Many times, we feel the need to implement a solution to create a synchronized copy for our Production database. This may be required for various purposes like implementing a warm standby server, synchronizing test databases with production databases or simply to verify the validity of the production database backups. Log shipping in SQL Server 2000 and 2005 can be used for such tasks. While Log Shipping is a good solution, it often requires experienced DBAs to setup and maintain and may not be suitable for small SQL Server setups. This article presents a way to implement a simple solution to synchronize database with another one using Database Maintenance Plans and T-SQL - sort of a custom log shipping solution.
For the purpose of this article, we use SQL Server 2000. In the example, the primary database is called EPH located on server SQLSVR1 and the database to be kept synchronized is called EPH_Standby on server SQLSVR2. The EPH database has one data file - EPH_Data.mdf and one transaction log file - EPH_Log.ldf. Following steps are used to implement the custom log shipping solution:
Step 1: Database Maintenance Plans in SQL Server 2000 and Database Maintenance Tasks in SQL Server 2005 SSIS offer a convenient way to set up routine tasks like backups. We create a Database Maintenance Plan for the EPH database on SQLSVR1. This plan will take a full backup every hour and a transaction log backup every 15 minutes. We leave the default options unchanged for file extensions in the plan - BAK for full backups and TRN for transaction log backups. At the end of Step 1, we will have two SQL Server Agent jobs - one to take full database backups and another to take Transaction log backups. The schedules may have to be tweaked a bit to ensure that the full db and transaction log backups don't clash with each other every hour. These files can then be applied in the proper sequence to create a synchronized copy of the database.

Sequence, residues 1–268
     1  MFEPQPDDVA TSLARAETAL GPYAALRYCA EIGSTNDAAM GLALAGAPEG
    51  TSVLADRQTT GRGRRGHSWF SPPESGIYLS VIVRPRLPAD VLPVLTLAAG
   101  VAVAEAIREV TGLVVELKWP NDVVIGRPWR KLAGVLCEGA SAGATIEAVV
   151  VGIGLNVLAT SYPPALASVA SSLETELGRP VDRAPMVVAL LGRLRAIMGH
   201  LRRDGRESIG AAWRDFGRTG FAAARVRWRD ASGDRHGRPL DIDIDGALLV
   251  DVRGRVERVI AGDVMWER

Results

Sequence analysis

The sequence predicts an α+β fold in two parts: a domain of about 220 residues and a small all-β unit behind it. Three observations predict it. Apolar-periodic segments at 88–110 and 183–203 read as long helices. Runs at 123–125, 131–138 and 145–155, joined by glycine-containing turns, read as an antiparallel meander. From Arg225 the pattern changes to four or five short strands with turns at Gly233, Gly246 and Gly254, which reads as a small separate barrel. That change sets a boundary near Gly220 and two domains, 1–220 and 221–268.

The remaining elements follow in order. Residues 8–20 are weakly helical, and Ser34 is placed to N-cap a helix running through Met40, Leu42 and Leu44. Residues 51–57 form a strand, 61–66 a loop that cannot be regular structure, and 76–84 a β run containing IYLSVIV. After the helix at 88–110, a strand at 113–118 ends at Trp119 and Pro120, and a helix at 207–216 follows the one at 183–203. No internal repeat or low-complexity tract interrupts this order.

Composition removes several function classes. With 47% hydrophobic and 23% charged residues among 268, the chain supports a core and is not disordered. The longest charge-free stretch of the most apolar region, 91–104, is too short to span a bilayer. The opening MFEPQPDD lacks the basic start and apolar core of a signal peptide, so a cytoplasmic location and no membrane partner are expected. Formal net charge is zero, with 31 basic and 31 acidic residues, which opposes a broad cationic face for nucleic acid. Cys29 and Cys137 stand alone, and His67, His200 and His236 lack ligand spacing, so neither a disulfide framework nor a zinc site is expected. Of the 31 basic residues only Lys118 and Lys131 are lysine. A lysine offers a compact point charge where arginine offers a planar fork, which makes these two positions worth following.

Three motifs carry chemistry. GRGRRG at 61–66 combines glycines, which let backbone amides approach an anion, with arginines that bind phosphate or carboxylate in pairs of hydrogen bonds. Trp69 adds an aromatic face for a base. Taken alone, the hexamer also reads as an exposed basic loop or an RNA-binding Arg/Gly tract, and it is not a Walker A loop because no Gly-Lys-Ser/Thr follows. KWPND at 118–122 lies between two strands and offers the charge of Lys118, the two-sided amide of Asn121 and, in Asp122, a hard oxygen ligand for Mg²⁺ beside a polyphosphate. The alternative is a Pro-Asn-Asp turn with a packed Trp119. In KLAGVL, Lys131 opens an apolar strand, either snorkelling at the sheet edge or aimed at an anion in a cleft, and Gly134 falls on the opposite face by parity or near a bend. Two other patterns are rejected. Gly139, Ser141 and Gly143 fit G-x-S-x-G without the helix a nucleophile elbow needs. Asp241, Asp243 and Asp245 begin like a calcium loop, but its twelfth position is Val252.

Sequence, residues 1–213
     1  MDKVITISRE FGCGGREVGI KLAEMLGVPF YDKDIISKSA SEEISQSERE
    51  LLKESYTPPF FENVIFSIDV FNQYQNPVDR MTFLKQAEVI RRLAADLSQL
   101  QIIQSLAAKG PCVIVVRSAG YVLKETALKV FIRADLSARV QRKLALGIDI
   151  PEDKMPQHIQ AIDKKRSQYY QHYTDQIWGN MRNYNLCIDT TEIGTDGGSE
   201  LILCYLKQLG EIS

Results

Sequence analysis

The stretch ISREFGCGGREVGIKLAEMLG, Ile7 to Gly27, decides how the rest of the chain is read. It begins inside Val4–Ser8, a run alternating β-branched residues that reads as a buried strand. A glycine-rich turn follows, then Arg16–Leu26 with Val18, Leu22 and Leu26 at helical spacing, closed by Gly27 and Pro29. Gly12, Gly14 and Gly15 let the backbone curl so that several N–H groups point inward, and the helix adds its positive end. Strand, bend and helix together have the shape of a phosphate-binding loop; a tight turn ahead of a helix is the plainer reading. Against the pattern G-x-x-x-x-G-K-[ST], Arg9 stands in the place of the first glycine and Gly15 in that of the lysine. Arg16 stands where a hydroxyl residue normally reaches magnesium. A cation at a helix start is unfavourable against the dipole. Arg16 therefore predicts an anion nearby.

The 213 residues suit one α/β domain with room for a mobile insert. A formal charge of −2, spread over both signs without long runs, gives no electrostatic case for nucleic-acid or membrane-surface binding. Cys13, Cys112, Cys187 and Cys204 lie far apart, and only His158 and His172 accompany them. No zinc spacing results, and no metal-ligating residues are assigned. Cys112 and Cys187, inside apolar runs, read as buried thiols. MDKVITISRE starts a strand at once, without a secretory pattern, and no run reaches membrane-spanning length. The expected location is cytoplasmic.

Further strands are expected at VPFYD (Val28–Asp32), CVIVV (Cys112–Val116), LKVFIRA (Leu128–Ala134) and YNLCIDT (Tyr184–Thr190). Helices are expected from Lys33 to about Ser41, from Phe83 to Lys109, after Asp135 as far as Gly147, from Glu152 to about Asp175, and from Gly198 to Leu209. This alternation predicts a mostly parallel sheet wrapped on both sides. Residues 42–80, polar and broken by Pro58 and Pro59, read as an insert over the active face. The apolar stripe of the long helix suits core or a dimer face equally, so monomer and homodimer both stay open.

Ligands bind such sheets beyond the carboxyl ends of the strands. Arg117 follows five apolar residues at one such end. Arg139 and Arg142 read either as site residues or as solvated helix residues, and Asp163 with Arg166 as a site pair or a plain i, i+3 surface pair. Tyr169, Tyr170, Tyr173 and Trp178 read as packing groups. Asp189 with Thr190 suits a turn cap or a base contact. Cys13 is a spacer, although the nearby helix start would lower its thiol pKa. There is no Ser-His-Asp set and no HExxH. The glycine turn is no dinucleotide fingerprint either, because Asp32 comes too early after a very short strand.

Step 2: Next we create a new database called dbDataMirror and its tables on SQLSVR2. Run the script DataMirror_Objects.sql (in the Resources section below). This script will create two tables - DataMirror and Parameter_Lookup and will also add the records containing the parameters used by the main script - DataMirror.sql. [DataMirror] is the table used to track the progress of applying the backup files. Parameter_Lookup is a generic lookup table used by the mirroring script.
Following are the parameters used by the synchronizing process. These can be customized as per requirements. The PL_Type field contains a constant value 'DataMirror' to identify the set of parameters required by the script. The PL_Name field contains the below parameters - each parameter as a record in the table:
Parameter _Lookup - PL_Name Field
||Name of the synchronized database (EPH_Standby) on which the backups from the primary database are to be applied
||Full path of the directory containing the backup files. This can be a local or a network path
||The file naming convention of the Full DB backup file till the timestamp
||The file naming convention of the Transaction log backup file till the timestamp
||The data file of the synchronized database (EPH_Standby). This is used in the WITH MOVE commands during restore